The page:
It all starts with conducting a group visualization exercise remotely. Imagine that you’re 10 years in the future, and your organization is a leading innovator. You’ve achieved a position of dominance in your industry. How did you get here? As in, what specific decisions and actions got you to this level of success? To focus your thoughts, capture your answers to the following:

·     What new things will our business or team be selling or doing?

·     What changes will enable us to sell and do those things?

·     What skills will we need to be successful?

·     What will be different about the structure of our business?

Now, start drawing your vision of the company ten years from now, using your responses as a guide. Maybe your answers included things like “all employees work remotely” or “A.I. will have a much larger role in operations” or “we will only sell our products through a subscription model.” Whatever your vision, convey it through a mix of words and images and then reveal it to the group on camera.

As each team member shares their drawing, take note if any team members’ sketches are really similar. Ditto if everyone drew something different. Generate a discussion around the implications of having aligned or differing visions for the company. Then decide, as a group, which drawings represents the ideal version of your company’s future. Once you’ve narrowed it down to one or two drawings, identify what you can act on today to start fulfilling your vision of tomorrow.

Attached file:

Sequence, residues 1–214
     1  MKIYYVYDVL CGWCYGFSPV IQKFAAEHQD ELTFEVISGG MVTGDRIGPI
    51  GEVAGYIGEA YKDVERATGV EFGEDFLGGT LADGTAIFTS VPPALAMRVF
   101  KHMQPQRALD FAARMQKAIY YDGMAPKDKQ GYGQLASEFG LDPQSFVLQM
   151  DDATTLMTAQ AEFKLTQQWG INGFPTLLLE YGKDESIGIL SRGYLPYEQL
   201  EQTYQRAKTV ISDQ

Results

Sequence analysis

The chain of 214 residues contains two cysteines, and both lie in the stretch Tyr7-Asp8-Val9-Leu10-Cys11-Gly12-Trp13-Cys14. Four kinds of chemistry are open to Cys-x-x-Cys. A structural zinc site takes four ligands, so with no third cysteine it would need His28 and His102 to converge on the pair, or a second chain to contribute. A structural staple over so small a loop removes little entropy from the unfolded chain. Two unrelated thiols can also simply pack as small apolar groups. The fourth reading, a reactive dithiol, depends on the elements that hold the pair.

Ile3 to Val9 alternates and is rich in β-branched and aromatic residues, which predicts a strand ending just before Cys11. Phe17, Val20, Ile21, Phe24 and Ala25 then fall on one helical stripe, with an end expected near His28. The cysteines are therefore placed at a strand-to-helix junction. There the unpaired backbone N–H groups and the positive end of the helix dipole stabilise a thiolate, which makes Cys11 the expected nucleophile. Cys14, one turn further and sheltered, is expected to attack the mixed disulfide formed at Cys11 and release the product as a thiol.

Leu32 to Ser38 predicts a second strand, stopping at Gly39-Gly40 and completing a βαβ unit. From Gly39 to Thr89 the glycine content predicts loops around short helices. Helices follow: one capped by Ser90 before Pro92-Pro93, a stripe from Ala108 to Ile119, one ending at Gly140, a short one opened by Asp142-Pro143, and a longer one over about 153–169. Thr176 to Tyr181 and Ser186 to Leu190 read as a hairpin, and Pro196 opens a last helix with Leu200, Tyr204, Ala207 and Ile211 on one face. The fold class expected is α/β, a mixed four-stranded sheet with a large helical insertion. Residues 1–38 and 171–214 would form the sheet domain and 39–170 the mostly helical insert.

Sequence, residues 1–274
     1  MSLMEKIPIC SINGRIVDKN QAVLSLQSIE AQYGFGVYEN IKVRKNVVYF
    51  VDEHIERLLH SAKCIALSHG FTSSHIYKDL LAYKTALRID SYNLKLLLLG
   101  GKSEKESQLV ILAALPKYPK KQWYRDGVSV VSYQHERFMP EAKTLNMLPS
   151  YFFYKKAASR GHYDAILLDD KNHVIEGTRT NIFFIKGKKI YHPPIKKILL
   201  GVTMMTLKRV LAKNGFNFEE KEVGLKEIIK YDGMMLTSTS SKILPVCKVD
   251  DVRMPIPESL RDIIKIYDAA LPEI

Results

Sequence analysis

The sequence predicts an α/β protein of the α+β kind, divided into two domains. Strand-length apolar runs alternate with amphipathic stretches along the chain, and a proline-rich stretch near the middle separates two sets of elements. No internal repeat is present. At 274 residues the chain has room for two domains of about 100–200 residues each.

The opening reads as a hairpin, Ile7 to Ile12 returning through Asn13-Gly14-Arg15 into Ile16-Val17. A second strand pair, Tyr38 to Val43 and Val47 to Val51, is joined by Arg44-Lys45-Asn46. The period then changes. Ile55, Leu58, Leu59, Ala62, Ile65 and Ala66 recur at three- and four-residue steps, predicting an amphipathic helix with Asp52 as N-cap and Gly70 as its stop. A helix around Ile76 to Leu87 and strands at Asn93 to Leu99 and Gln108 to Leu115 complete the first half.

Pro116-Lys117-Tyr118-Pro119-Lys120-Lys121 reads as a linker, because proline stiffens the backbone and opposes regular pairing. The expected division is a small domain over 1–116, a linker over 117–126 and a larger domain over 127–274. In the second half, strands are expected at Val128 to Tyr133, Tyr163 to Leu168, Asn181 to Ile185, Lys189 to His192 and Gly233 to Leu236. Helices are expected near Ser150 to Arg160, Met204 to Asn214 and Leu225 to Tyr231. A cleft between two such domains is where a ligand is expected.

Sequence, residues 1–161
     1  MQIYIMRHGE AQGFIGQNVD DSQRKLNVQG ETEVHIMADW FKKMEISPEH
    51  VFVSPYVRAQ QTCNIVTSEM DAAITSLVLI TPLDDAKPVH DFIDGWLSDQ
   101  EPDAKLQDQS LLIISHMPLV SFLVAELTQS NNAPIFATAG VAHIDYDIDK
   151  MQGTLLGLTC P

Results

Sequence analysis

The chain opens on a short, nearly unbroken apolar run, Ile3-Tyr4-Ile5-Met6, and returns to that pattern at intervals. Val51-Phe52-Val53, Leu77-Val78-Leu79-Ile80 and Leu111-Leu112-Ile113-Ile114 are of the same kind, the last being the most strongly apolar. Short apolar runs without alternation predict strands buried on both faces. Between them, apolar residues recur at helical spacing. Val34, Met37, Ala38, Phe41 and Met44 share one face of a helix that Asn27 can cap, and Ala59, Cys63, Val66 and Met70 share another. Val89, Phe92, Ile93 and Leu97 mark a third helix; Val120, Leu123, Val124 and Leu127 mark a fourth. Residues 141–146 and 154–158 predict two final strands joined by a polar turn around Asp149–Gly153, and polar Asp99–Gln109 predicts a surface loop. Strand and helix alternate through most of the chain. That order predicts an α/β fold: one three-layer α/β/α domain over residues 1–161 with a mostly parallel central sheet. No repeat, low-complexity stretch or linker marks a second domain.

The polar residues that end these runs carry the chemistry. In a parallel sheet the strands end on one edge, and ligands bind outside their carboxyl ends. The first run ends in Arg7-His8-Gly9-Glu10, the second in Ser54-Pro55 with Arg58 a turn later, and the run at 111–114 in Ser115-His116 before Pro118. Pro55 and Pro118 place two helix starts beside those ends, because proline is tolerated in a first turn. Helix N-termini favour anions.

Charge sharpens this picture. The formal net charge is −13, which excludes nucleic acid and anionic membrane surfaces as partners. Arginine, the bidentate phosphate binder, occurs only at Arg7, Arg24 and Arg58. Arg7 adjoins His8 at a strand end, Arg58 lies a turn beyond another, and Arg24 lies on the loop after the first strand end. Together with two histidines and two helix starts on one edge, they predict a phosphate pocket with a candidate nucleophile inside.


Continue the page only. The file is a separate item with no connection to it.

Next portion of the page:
Visualizing your company’s innovation success in the future is essential to achieving it. Use the actionable ideas from this visualization exercise to strategize, align and implement a ten-year plan for innovation success.

This is an unprecedented moment to be operating a business — and unprecedented times require new approaches and agility. Dedicating time to think proactively and creatively provides a productive outlet for the uncertainty so many of us are experiencing. We’re all in this together, and my hope is that the three techniques above help you navigate this crisis and boost team morale.